In recent months, New England Central’s operations have been altered. This has benefits for photography. Since the times trains tend to run have changed, different locations have opened up for photographic possibilities.
For many years, New England Central operated a southward freight from Palmer, Massachusetts in the early morning (typically as job 608), this worked into Connecticut (to Willimantic and beyond) and returned in the afternoon or early evening.
Now, on many days, the railroad runs a turn from Willimantic to Palmer (often as job 610), that goes on duty at Willimantic in the morning, runs northward to Palmer, and returns. From my experience the return times vary considerably.
Once I was aware of this change, I began thinking about various places to make photographs based on afternoon lighting angles. Last week, I heard 610 working south from Palmer. I was in luck as a pair of vintage GP38s in the railroad’s original scheme (the locomotives were painted by Conrail in preparation for New England Central’s February 1995 start up).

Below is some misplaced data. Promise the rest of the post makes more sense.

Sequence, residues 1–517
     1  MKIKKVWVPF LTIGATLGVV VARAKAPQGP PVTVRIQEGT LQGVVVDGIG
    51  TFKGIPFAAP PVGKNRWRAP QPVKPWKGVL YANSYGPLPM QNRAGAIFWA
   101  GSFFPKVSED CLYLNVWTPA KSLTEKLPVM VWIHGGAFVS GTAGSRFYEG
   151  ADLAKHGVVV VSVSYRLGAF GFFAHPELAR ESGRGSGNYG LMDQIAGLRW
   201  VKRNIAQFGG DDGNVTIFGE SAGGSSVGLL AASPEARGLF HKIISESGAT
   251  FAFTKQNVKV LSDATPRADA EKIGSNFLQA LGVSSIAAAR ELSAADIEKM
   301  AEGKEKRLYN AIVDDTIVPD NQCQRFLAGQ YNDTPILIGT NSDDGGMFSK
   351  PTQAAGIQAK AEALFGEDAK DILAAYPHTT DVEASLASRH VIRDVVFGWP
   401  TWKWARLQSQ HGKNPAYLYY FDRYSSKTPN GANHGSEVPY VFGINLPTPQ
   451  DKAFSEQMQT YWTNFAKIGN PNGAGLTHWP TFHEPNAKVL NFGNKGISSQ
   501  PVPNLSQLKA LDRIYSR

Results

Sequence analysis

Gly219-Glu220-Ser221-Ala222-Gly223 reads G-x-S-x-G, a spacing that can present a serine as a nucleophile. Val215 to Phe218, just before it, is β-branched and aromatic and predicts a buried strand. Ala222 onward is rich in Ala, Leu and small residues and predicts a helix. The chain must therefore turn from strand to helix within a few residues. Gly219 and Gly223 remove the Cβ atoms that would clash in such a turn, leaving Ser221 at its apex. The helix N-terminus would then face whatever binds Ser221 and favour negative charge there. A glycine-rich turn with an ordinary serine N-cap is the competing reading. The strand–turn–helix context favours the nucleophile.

Track speeds south of Palmer make following a train easy enough. My first location was Stafford Springs, where I’ve often exposed photographs of New England Central. From there I followed southward.
My final location of the day was at the Connecticut Eagleville Preserve, where the line passes an old Mill dam (I’m not well versed on the specific history of this dam, but the arrangement is common enough in New England, where in the 19th century water powered local industries. For more information on the park and area see: http://www.willimanticriver.org/recreation/pg_park_eagleville-preserve.html).
Afternoon sun favors this location, and I made the most of the light, waterfall and autumn foliage as well as the GP38s.